May 16, 2012
“To put that in perspective, it’s less than one percent of the state’s overall budget and a drop in the bucket really in terms of the returns we get for clean water, air, flood control,” said Elizabeth Ouzts, director of Environment North Carolina.
Senator Neal Hunt does not back the appropriation of funds for LFT’s proposal. Hunt does support their ideal, however. “What CEO would come to North Carolina if we have dirty air and dirty water?” Hunt asked. “I maintain, and I maintain this to my caucus, that it’s just as important as low taxes, good school, good roads and so on — preserving our environment.”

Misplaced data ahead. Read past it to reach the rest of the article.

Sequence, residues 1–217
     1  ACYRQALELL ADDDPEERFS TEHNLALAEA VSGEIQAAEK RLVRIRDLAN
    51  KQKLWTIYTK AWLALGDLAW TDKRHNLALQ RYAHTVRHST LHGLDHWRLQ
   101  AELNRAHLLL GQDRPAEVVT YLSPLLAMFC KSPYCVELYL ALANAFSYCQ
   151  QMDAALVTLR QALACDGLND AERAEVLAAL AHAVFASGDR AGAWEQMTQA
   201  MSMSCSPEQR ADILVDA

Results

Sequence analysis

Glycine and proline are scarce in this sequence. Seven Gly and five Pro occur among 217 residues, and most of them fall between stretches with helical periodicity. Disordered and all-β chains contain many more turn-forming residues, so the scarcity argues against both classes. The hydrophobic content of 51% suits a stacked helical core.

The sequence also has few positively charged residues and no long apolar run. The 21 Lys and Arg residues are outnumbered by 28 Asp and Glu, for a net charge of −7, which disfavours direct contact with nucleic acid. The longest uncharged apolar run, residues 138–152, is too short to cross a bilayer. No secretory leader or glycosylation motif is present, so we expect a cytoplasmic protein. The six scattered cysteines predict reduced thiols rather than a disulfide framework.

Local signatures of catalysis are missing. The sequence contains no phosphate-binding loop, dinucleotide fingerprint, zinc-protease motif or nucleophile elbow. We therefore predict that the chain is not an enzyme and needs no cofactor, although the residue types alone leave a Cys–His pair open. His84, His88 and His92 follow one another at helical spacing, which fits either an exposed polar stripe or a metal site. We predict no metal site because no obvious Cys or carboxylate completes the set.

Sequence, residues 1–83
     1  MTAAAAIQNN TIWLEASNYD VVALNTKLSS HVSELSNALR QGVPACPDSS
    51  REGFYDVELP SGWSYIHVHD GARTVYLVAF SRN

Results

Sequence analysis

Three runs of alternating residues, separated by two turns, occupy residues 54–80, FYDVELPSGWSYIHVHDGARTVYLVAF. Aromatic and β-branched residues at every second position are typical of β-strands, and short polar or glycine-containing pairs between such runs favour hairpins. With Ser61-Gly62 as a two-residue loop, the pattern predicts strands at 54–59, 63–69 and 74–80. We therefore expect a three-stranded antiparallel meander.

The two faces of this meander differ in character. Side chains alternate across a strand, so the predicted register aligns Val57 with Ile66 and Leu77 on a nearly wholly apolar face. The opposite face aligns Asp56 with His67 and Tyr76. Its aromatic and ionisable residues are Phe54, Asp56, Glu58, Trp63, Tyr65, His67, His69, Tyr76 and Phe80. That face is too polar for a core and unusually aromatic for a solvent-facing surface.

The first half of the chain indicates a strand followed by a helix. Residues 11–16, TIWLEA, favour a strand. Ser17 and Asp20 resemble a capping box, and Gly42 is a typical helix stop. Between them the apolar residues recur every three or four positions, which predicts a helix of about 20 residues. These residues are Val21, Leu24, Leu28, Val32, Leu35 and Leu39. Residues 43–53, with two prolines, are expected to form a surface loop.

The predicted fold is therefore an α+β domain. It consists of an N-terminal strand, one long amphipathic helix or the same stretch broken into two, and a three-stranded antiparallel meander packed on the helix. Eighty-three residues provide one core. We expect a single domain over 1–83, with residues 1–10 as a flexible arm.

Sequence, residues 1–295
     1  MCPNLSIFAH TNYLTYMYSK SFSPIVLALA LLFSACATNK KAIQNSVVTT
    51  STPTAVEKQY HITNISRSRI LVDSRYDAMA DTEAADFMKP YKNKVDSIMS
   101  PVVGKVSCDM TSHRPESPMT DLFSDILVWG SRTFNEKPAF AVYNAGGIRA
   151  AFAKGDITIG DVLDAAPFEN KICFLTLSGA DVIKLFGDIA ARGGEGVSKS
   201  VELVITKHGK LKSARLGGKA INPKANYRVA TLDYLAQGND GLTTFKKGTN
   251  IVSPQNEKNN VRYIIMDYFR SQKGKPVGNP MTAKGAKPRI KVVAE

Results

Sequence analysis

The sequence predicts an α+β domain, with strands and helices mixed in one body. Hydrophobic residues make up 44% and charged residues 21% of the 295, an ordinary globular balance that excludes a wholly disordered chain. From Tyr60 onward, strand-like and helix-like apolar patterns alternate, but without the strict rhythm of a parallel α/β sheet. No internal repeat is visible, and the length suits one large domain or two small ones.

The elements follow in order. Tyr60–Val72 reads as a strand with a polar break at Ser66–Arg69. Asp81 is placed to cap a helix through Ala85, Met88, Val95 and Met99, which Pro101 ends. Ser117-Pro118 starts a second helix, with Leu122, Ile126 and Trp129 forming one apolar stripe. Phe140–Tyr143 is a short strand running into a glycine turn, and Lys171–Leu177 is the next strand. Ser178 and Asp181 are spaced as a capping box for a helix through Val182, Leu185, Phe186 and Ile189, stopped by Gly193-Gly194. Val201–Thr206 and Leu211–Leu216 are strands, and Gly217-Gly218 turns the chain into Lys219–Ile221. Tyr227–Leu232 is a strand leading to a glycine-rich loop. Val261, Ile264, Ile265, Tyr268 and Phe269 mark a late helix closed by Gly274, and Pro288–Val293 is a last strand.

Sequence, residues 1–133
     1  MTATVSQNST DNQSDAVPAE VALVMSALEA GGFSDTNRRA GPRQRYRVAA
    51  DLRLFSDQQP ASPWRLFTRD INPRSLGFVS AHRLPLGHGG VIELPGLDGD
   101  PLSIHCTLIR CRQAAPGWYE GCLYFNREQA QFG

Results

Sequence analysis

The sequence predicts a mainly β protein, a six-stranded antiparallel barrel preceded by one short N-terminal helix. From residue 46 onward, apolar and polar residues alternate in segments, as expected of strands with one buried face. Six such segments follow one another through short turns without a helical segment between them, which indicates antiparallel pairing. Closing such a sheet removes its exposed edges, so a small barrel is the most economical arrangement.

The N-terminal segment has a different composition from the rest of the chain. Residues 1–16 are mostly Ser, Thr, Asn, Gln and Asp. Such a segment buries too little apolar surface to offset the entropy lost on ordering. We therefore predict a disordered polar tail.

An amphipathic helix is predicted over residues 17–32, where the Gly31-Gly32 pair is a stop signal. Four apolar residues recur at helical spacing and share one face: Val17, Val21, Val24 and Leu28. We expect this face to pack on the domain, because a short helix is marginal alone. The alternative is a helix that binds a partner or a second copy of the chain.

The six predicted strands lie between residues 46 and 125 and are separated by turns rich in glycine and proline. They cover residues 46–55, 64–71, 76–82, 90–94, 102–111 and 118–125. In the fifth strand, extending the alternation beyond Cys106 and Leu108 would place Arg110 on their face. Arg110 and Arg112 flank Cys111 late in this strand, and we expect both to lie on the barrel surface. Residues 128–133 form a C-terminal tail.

Earlier this year, Kellie Hotter, La Plata County Commissioner in Colorado, faced heated debates over a proposed land-use plan that appropriates $750,000 and a 400 page document.
The activists responsible for the plan’s passing decried the continued use of smart meters to curb electricity usage, dropped popular terms like “smart growth” and claimed that bicycle paths on roadways were the answer to emissions issues.
Sounds like Agenda 21 came to Colorado .